Table 2: Rape convictions for period 2000-2019.

2000 2001 2002 2003 2004 2005 2006 2007 2008 2009
11 52 91 85 40 123 156 179 147 135
2010 2011 2012 2013 2014 2015 2016 2017 2018 2019
146 84 48 28 52 35 12 10 11 10

This abysmal track record of apprehending perpetrators and conviction of rapists begs the questions:
1] Why are conviction levels for rapes so low?
2] What systems are in place to improve the process for reporting for women which are sensitive and efficient?
3] Why should women bother to report given this extremely low conviction rate and the trauma of revictimization associated with reporting and the process involved in the criminal justice system?
4} How can we protect girls and women and prevent rapes given the data?

Criminologist Dr. Keron King weighed in on this serious and disturbing matter, he says to get a more accurate picture of the actually versus reported number of rapes , we would need to multiply the number by six:

“The reported cases of rape are equally troubling as the fatal violence against women in T&T. Especially when we consider the Dark Figure of Crime, that is the number of unreported crimes. We know from a Victimological Survey done in T&T that for every reported rape we need to multiply that number by at least six to truly get the real number of rapes against women. We also know from international research and looking at the uncharacteristically high detection rates for rape, incest and other sexual offences by the local law enforcement (60% for some years) that most of the perpetrators are known to the victim. These findings continue to tell us that women are being hurt the most by the men closest to them. We need clear leadership and strong evidence-based policies to turn this tide”.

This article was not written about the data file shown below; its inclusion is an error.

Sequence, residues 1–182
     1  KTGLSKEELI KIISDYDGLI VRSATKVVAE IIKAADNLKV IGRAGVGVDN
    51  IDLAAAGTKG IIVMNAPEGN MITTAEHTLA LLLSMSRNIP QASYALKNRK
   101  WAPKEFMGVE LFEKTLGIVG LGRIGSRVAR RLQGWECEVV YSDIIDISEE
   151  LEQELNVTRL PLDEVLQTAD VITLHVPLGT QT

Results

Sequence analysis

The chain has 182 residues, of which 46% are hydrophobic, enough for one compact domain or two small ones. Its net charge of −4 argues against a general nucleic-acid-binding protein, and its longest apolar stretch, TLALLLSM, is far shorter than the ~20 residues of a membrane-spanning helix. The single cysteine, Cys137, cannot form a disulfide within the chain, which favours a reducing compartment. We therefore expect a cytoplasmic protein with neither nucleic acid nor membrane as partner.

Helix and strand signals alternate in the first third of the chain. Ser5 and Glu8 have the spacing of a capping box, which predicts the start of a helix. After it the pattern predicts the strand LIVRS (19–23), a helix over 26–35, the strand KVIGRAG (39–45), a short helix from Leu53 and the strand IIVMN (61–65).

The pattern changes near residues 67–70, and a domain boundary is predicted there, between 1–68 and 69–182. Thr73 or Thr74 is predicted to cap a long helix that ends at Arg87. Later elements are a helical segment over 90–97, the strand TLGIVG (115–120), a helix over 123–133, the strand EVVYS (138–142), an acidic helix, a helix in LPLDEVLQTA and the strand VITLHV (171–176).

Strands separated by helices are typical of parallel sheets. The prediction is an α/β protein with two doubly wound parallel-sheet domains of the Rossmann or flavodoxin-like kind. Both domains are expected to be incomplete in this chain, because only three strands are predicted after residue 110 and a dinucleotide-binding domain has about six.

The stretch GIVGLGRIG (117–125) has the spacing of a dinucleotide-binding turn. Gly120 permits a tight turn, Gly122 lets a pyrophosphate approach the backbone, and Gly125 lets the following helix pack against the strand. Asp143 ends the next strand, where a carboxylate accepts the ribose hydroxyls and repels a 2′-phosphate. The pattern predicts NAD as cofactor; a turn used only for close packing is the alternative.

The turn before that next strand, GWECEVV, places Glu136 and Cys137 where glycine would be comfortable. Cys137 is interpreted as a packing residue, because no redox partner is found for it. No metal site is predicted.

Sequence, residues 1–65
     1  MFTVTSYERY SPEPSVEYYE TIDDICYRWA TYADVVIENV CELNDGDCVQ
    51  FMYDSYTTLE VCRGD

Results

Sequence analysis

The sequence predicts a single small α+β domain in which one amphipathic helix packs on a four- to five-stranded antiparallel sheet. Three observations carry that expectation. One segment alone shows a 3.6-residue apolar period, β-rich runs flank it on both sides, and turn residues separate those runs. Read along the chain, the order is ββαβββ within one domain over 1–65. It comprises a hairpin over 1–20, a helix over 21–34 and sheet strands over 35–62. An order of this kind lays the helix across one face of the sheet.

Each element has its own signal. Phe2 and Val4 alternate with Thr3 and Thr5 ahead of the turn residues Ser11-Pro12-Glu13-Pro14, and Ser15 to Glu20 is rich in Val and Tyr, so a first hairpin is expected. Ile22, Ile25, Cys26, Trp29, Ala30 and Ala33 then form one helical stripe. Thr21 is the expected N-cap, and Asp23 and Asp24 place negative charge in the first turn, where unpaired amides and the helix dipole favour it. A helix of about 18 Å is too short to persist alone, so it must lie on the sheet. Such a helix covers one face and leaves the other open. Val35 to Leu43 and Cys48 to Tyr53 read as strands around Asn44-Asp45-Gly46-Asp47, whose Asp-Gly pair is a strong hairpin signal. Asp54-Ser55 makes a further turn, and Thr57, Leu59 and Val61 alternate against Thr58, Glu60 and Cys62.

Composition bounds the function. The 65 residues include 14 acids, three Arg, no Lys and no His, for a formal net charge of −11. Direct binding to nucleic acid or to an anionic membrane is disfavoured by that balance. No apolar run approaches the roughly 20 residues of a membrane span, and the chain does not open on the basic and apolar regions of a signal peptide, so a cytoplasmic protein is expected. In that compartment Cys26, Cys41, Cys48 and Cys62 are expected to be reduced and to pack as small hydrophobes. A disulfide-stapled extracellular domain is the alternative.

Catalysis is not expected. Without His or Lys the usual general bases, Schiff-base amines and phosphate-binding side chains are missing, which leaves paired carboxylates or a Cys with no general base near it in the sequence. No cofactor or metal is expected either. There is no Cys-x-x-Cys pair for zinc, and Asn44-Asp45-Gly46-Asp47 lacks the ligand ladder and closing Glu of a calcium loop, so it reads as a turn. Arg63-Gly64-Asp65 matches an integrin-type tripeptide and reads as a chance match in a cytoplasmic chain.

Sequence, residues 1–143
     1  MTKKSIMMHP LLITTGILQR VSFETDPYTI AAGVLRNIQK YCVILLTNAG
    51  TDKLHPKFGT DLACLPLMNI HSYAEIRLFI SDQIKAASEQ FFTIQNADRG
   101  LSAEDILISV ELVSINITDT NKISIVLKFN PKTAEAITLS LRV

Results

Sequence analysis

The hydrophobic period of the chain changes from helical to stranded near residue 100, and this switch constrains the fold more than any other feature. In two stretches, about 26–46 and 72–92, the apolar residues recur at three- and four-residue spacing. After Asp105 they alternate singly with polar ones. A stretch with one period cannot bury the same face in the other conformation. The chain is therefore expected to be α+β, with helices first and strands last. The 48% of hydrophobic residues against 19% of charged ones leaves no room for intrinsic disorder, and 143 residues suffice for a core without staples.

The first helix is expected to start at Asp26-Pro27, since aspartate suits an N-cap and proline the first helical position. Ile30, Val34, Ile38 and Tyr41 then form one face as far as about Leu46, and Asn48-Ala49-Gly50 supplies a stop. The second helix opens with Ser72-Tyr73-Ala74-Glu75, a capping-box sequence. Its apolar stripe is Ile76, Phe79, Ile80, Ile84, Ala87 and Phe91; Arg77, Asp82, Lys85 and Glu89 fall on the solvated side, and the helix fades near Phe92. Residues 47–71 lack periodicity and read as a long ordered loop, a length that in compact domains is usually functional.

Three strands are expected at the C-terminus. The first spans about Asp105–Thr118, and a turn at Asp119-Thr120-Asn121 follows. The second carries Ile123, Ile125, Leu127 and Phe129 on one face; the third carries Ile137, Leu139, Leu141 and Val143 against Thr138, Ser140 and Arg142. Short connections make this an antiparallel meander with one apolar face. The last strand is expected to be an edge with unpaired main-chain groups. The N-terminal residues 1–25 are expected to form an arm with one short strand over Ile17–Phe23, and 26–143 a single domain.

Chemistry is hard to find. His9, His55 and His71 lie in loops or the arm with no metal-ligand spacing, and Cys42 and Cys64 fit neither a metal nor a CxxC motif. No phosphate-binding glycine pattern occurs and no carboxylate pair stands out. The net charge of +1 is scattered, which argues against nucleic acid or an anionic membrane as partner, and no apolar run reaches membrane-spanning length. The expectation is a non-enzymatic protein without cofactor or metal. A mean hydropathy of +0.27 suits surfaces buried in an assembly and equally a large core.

Data from around the world suggest that in most jurisdictions most rapes are not reported for many reasons. In data analyzed by the National Sexual Violence Resource center it was found that 63% of sexual assaults are not reported to police. RAINN (Rape, Abuse & Incest National Network) is the United States largest anti-sexual violence organization. RAINN research indicates that only 230 out of every 1,000 sexual assaults are reported to police. That means about 3 out of 4 go unreported. 75% of rapes and sexual assaults go unreported. This level of unreported rapes is consistent around the world. This means that over 50 % of rapes goes unreported. If we translate this to Trinidad & Tobago, which according to CAPA has documented over 6000 rapes between 2000 and 2019, suggests that over 12,000 rapes were perpetrated in that time period, the majority of which have not been reported. That translates to 300 reported rapes on average every day for the time period in question and 600 including unreported on the lower end of the assumption related to unreported and reported rapes combined. If we only take the reported rapes on average at least one woman or girl is raped every day, and if we take the combined reported and reported at least two females are raped every day in Trinidad & Tobago.

“73.4 % of rapes occurs in the 7-24 age group which means that three quarters of reported of rapes in Trinidad and Tobago are perpetrated against girls and women under the age of 25 years old”.